In a recent post I commented on a couple of lectures Karl Barth made for the 1937 Edinburgh World Conference on Faith and Order.  These lectures are published in Karl Barth, The Church and the Churches (Grand Rapids, MI: Eerdmans, 2005).  Here are a few more thoughts….

In his third lecture, “The Union of the Churches—A Task,” Barth emphasizes the complex and compelling paradox that we must labor intensively for the unity of the One worldwide Church while acknowledging that the task’s fulfillment is accomplished by Christ alone.  Barth aggressively smashes up any naivete concerning Church unity.  The authentic uniting of the Church is such a gargantuan task that no hope whatsoever can be placed on the churches themselves, or individual Christians.  Our only hope for uniting into One Church is the supernatural work of the One Lord: “…in Christ alone this task is fulfilled… His voice and summons alone can bring that union into being” (p. 45).

In spite of the fact that Church unity exceeds our capacities to effect, Barth calls us to enter in partnership with Jesus in bringing about ecclesial oneness.  He proposes four conditions that individual churches and denominational traditions must strive for….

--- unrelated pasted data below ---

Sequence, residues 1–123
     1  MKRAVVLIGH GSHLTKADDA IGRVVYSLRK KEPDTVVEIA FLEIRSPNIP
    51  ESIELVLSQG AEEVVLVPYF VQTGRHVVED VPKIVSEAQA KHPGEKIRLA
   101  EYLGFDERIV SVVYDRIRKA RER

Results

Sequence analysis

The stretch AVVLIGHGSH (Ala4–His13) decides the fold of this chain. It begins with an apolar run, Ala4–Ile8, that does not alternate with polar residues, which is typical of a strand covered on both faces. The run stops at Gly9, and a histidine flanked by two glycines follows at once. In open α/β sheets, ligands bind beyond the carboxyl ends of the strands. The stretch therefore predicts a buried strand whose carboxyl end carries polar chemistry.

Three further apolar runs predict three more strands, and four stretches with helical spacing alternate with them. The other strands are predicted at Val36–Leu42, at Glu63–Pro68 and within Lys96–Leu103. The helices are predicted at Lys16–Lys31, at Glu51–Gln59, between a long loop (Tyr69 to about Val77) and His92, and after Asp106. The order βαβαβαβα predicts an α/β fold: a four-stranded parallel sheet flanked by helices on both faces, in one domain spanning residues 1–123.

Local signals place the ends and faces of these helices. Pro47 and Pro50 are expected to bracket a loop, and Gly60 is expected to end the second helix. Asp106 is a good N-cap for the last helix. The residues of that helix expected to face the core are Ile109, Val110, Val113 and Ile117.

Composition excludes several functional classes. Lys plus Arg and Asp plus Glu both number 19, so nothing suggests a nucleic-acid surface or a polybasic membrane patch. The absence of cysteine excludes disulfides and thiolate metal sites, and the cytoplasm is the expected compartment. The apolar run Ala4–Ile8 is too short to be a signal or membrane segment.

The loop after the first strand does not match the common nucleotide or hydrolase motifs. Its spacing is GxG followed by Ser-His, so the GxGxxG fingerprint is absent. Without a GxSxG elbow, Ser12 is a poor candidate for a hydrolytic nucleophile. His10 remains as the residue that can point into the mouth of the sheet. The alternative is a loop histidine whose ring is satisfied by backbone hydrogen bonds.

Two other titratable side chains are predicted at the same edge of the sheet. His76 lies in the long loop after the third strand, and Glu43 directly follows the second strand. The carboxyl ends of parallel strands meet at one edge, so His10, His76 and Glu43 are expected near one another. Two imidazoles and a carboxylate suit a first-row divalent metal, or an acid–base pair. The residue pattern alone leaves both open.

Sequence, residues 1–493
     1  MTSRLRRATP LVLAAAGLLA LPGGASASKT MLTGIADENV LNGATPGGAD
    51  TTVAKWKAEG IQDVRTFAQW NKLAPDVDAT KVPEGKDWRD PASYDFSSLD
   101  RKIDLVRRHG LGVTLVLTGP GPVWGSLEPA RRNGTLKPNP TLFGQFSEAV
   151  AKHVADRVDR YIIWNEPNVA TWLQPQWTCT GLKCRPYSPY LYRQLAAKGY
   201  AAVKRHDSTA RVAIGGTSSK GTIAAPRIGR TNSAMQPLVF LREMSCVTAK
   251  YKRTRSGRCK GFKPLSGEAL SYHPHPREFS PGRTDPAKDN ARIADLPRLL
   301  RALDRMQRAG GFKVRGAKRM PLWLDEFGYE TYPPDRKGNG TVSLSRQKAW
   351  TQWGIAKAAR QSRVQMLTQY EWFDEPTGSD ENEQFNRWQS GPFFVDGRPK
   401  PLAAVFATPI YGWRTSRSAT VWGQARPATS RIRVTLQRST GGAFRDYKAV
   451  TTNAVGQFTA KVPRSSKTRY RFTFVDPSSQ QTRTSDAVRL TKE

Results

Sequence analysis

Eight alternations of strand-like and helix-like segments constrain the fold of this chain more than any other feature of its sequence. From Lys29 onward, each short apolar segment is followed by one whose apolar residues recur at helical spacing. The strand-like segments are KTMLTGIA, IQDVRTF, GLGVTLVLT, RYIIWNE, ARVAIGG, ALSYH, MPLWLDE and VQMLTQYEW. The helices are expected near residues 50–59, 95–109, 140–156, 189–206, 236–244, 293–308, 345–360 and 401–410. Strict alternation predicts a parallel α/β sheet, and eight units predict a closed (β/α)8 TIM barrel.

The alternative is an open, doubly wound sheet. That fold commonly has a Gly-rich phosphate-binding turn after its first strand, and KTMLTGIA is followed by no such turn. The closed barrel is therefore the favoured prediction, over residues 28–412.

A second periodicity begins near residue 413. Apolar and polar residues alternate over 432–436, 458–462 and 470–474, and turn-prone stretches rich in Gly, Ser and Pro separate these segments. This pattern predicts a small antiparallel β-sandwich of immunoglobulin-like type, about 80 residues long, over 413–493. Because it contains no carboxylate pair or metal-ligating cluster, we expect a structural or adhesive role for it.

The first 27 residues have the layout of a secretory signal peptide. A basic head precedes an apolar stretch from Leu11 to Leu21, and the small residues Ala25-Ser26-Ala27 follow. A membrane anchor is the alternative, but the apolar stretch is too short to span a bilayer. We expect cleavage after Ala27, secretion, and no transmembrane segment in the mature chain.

1] The “relinquishing” of a church’s (or church tradition’s) “own particular confession for one which it will share in union with others” (p. 41).

2] The refusal to seek unity on the basis of a “secular motive” (such as trying to be united for the goal of being politically correct, as we might say today, or philosophically amenable) (p. 42).

3] The refusal to seek unity by compromising truth or by masking latent divisiveness (p. 43)

4] Repentance from any and all means by which a particular church or church tradition has contributed to the divisive multiplicity of the churches (p. 43-44).

Such conditions seem so insurmountable to promote in the current ecclesiological scene in North America alone.  And that insurmountability seems to be part of Barth’s point.  The Task is impossible.  But we labor toward it regardless.

Sounds like the Christian life, if you ask me….

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